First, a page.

Chinese telecoms equipment company is accused by the Semiconductor Industry Association (SIA) of building numerous new chip fabs in China under different company names in order to circumvent US sanctions

According to a report from Bloomberg, Huawei may be seeking to sidestep US sanctions by operating a network of semiconductor facilities under different company names.

U.S. Commerce Department added Huawei to its export control list back in 2019, with the company having been deemed a risk national security risk. As a result of this designation, US companies can now only sell products to Huawei if they are granted specific licences from the government.

Matters were made worse in late October, when President Joe Biden levied additional restrictions on chip technology exports,

Combined, the various sanctions in place have left Huawei largely cut off from accessing US semiconductor technology – a major blow to almost all of Huawei’s core business units, particularly smartphone manufacturing.

Huawei, meanwhile, maintains that they pose no security risk, arguing that they are simply caught in the middle of the geopolitical tug-of-war between China and the US.

Nonetheless, it launched its own semiconductor business last year, seeking to solve its chip supply issues through domestic production.

This move was largely in line with the policies set out by the Chinese government, which has made bolstering its domestic semiconductor research and production industries a major priority in recent years, seeking to remove the industry’s heavy reliance on US tech.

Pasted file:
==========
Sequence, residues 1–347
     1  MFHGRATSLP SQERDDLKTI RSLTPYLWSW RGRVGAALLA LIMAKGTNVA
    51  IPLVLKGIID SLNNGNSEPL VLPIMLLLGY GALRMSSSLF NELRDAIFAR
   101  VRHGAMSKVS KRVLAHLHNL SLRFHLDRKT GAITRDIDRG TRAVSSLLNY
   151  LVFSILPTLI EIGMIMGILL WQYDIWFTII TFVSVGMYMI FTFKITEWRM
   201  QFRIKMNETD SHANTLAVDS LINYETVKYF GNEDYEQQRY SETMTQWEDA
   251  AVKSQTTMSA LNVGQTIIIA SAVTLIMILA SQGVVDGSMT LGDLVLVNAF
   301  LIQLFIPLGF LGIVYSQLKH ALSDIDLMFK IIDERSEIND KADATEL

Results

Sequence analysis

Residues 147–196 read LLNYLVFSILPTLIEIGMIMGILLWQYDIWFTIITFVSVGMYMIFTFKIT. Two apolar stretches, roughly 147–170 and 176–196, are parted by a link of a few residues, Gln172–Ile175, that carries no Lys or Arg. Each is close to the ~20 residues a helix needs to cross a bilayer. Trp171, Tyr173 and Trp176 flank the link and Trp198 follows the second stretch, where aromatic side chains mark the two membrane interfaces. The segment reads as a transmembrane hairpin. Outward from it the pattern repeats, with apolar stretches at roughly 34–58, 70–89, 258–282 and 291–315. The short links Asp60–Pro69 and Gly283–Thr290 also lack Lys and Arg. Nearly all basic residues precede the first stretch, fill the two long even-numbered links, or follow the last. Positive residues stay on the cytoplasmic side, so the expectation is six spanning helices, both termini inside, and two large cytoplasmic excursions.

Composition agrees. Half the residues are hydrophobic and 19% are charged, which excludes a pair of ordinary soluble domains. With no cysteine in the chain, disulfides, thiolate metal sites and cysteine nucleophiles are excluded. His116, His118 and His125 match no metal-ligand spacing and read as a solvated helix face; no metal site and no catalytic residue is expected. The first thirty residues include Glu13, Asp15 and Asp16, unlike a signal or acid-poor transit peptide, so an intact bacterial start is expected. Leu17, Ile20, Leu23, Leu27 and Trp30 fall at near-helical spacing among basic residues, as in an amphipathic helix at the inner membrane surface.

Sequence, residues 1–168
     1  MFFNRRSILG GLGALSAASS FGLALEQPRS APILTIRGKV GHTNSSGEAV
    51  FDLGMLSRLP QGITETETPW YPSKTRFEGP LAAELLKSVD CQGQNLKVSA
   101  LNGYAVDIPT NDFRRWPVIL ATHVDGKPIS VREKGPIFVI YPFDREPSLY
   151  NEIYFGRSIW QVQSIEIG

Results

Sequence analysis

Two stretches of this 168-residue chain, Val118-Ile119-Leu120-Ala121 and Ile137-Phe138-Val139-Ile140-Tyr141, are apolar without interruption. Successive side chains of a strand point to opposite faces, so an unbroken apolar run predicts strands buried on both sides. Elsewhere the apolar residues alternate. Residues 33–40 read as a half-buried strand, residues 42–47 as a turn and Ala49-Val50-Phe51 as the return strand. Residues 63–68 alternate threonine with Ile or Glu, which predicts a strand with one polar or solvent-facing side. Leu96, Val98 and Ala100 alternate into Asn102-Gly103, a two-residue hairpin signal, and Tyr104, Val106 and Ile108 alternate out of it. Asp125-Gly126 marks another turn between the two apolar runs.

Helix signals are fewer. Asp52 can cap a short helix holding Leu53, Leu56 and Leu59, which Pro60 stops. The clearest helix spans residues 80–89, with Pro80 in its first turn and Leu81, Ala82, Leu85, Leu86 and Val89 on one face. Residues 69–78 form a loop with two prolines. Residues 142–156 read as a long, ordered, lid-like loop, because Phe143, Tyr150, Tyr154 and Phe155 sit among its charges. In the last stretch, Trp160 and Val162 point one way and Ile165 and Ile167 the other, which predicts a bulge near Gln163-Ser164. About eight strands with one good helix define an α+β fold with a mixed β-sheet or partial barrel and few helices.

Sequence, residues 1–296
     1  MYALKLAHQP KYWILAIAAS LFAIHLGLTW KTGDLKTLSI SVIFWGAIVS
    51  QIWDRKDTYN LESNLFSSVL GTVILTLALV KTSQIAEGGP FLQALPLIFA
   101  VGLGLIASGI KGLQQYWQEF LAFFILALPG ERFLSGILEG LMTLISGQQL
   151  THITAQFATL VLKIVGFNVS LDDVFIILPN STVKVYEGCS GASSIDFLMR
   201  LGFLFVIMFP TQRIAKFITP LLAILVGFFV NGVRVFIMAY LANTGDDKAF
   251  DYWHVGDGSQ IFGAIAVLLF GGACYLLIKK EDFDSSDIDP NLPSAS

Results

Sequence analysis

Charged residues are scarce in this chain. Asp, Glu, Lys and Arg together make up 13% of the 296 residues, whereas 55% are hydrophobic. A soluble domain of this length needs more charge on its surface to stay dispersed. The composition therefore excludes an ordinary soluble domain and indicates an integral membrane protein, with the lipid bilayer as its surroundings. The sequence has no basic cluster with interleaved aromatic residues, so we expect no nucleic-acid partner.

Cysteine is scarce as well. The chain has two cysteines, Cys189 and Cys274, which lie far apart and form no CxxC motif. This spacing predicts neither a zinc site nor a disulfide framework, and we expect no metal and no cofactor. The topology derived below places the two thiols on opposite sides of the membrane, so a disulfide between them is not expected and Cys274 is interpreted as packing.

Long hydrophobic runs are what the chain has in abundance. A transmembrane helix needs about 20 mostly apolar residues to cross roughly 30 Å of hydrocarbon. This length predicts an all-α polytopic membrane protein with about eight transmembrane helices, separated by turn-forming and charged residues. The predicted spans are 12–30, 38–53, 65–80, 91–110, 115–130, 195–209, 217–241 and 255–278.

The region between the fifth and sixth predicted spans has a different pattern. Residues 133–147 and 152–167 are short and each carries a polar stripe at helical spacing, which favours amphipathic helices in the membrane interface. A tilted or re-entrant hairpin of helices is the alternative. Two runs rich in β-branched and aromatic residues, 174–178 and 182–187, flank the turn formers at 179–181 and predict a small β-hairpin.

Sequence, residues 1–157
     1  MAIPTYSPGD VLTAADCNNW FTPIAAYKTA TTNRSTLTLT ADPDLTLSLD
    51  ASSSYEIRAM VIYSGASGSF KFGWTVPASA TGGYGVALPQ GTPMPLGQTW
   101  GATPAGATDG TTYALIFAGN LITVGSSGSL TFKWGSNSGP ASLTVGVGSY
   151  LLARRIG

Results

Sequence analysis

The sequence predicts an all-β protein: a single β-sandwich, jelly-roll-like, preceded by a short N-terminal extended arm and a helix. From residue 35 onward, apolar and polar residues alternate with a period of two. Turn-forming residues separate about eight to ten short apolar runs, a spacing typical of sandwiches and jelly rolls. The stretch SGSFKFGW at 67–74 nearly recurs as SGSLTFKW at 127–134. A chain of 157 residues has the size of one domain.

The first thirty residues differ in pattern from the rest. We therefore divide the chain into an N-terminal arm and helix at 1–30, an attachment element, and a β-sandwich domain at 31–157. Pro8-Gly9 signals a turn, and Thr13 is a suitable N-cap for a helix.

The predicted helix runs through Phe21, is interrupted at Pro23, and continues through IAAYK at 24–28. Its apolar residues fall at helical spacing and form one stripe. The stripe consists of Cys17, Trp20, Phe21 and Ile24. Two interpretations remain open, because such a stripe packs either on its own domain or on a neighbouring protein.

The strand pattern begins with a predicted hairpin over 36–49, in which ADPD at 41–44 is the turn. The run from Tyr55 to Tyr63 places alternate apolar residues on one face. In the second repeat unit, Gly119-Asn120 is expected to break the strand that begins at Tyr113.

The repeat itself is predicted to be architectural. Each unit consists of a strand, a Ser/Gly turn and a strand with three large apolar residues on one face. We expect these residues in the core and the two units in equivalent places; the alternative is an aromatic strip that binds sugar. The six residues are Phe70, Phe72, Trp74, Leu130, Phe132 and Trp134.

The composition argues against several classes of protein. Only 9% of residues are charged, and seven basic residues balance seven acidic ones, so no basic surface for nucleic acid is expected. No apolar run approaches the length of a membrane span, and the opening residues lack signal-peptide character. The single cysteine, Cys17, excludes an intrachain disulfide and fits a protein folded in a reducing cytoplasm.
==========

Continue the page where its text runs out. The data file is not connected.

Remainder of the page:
Indeed, these measures appear to be working for Huawei, with the company noting in recent months that they could soon return to the 5G smartphone business by procuring 5G chips domestically.

In fact, according to the SIA, Huawei has received around $30 billion in government subsidies to expand this new business. Using these funds, the SIA says Huawei has already acquired two chip-making facilities and is in the process of building three more.

By operating these businesses under new names – such as Fujian Jinhua Integrated Circuit Co. and Pengxinwei IC Manufacturing Co. (PXW), in the cases of the acquired plants – Huawei can potentially bypass at least some of the sanctions against them and retain access to key US technologies.

Naturally, such tactics are sure to draw the ire of the US government, who say they are monitoring the situation carefully.

“Given the severe restrictions placed on Huawei, Fujian Jinhua, PXW and others, it is no surprise that they have sought substantial state support to attempt to develop indigenous technologies,” a speaker from the Commerce Department’s Bureau of Industry and Security (BIS) told Bloomberg. “BIS is continually reviewing and updating its export controls based on the evolving threat environment and, as evidenced by the Oct. 7, 2022 rules, will not hesitate to take appropriate action to protect US national security.”

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